I would start with “Tender is the Night” by Hemingway and then move on to “The Portrait of a Lady” by James. Those would be my two. Look forward to hearing your take in your book report(s).

  8. Janice
    | Reply

    Maybe you can consider books to be like fabric stash. You buy them without knowing exactly how you are going to get to them.

    • Jennifer
      | Reply

      I love this! My shelf of unread books has grown to a full bookcase. My stash has outgrown the glass front cabinets and spilled over into project cases on the floor…of my library. Two addictions, coming together. Only 25 years until I retire! 🙂

  9. Susan
    | Reply

    Portrait of a Lady – the scene of tea on the lawn will captivate you

  10. Cindy
    | Reply

    1984 first, Goldfinch next!

  11. Lynn
    | Reply

    The Goldfinch!!! It’s fabulous!

  12. Marj&Jim
    | Reply

    Look at you, having the option to read a book just for pleasure – this graduation stuff is starting to be real! Congratulations again! We vote for reading George Orwell first. Amazing prescience.

  13. Helen Marie
    | Reply

    Anything but 1984. In the current political climate, it’s frightening.

    • Bob Collis
      | Reply

      I agree. I was about to say the same thing!

  14. Barbara
    | Reply

    I also have quite a few unread books that I couldn’t wait to get started on . . . I’m talking years on the shelf, and I’m still buying them (if I can’t get them at the library). I am determined to read them (hopefully, all of them) but I have given some away or donated to the library. BTW my grown children buy me books, the latest, “Rescue Road” by Peter Zheutlin, saving rescue dogs; one waiting at the library for me to pick up, “Barn Quilts;” and presently reading Anna Quindlen’s “Alternate Side.”

  15. Joye Cox
    | Reply

    The only book on your list that I’ve read is The Goldfinch. And it was a good, but long, read. It’s heresy to say this probably, but it could have used some editing down, in my opinion, and still have been a good story. One of those rarieties when the movie would be better than the book, I think.

  16. Caroline
    | Reply

    The only two I have read are The Goldfinch and 1984, highly recommend both!

  17. Melanie
    | Reply

    I always have such massive aspirations when I’m at a bookstore or when hearing about others’ reading experiences. I have many unread books too. Ever since I was a little girl, I’ve been a voracious reader but for some reason I haven’t read anything lately. I don’t know why. If I take a beach vacation, I read but not so much otherwise. Oh, quilt magazines/books* and lots of blogs are my main reading fodder at the moment.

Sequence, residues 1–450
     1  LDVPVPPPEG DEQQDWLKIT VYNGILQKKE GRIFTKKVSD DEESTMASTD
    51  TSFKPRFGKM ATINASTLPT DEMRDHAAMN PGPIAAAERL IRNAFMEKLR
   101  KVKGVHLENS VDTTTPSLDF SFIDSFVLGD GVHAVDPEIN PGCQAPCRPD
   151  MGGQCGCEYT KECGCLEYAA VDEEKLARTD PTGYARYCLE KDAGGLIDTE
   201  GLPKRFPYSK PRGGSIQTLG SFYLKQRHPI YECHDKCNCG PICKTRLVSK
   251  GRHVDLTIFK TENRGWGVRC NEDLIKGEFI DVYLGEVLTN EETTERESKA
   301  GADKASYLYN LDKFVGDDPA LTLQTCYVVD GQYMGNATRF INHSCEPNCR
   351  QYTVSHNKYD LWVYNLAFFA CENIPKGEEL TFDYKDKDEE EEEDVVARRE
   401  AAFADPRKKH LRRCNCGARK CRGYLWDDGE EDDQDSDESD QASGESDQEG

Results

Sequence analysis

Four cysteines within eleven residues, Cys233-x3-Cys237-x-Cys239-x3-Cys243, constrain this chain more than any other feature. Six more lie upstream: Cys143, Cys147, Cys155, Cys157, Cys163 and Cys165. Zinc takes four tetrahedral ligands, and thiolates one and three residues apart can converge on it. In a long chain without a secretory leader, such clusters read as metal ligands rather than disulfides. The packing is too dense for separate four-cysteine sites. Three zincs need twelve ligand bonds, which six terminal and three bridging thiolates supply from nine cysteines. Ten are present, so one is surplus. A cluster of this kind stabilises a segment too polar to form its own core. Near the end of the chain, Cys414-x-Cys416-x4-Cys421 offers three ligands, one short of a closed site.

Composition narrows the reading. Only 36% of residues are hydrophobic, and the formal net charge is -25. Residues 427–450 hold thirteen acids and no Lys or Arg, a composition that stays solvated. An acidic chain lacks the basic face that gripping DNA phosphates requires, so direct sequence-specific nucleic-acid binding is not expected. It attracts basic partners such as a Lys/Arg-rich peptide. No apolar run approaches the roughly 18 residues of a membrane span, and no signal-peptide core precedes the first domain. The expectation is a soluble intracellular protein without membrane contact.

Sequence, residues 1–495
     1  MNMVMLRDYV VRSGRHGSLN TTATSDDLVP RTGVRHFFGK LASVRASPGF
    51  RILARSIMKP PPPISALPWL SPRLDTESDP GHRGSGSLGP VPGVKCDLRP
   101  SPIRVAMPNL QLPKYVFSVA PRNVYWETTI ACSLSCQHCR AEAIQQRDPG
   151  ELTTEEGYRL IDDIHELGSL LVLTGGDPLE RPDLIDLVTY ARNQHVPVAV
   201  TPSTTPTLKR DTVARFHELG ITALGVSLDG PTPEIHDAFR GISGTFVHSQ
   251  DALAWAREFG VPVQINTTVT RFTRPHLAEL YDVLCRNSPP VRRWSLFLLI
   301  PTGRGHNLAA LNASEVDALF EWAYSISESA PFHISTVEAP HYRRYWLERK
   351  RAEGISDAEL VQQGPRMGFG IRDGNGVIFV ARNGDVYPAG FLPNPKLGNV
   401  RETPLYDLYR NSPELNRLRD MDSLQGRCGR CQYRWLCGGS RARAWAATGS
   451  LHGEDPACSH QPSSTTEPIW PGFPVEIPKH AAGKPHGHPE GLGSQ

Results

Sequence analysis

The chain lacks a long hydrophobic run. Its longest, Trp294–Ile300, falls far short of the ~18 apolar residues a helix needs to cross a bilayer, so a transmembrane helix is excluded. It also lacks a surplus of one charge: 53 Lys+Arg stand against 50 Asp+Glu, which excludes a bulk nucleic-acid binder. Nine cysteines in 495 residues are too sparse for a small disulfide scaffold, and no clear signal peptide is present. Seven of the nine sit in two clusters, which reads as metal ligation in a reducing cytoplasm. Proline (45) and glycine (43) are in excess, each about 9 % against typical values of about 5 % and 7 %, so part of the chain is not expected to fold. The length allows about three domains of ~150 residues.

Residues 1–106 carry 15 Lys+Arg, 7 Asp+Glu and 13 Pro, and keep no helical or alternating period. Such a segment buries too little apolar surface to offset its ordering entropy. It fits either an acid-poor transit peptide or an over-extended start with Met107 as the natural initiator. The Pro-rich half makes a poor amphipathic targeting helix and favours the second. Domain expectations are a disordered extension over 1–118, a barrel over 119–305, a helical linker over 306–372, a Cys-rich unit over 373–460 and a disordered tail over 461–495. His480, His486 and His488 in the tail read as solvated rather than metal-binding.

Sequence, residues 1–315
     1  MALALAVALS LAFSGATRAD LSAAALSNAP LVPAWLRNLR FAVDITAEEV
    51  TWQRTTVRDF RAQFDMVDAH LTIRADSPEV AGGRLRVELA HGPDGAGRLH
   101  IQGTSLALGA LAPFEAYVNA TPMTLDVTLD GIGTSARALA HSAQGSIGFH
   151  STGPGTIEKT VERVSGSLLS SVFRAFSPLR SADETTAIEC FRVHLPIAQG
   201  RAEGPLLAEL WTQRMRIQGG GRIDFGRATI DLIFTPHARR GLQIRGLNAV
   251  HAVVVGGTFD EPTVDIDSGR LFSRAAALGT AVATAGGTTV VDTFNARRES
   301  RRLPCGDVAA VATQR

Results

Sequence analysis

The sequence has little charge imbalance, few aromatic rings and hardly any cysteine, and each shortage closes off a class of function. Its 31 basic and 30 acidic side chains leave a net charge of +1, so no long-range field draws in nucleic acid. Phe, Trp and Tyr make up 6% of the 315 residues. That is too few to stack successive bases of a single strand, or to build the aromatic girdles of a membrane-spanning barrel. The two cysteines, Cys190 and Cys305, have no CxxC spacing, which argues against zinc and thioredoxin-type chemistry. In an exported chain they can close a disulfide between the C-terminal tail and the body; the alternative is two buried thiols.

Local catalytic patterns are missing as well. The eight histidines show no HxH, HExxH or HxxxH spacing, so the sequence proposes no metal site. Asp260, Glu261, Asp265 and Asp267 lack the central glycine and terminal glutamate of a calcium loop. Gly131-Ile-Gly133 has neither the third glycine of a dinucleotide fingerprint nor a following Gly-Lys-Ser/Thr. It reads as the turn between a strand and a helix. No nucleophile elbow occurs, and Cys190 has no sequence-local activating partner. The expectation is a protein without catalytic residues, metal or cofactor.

*I’m awaiting the arrival of your book Quilt + Love.

  18. Sara Hochhauser
    | Reply

    To Kill. A Mockingbird
    I first read this when I was about 10 or 11. I was 13 when the movie came out. Maybe because of my age or the times, this book is one I go back and reread on a regular basis.
    Or any book be Steinbeck. Growing up I lived a block and a half from a Chicago public library. As long as I was reading my Mother left me alone.

  19. sue
    | Reply

    Well, I have read none of these but my daughter loved The Goldfinch. You have a great idea and I have put it on my to do-list for today. Scan the shelves here at home and find five books I have not read and read them. Thanks for the goal idea, now I need to actually make one quilt from every quilting book I own!

  20. Paula Eads
    | Reply

    I’m a retired school librarian and the last few years I worked I did a 40 book reading challenge with my students. I posted what I read on the wall, there were genre headings with quotas to fill. I blazed through the mysteries, historical fiction and other fiction, but kept procrastinating on the nonfiction side. Everyone has their preferences, but it’s good to step outside the box and find new things to enjoy!
    (The reading challenge is the fantastic idea of Donlyn Miller, reading specialist and author)

  21. Carol Woodworth
    | Reply

    Goldfinch by Donna Tarte

  22. Elizabeth
    | Reply

    I did not finish The Goldfinch. Got annoyed with the actions of the main character. Maybe I’ll give it another try this year. I re-read Tender is the Night a few years ago and enjoyed it. Enjoy your summer reading!

  23. Kathleen Callahan
    | Reply

    OMG I’ve only read 1984 (in high school-long ago) of those you have mentioned. Will have to try some others. I love historical fiction and have read lots of Sharon Kay Penman and Ken Follet. My quick reads are by Debbie Macomber – think Hallmark channel. Good for traveling.

  24. Char
    | Reply

    1984 – must read BECAUSE it’s frightening in our current political climate
    Tender is the Night
    Portrait of a Lady
    Goldfinch – meh. I might be the only person alive who could not get through this book. Why say something in 50 words when you can say them in 5000?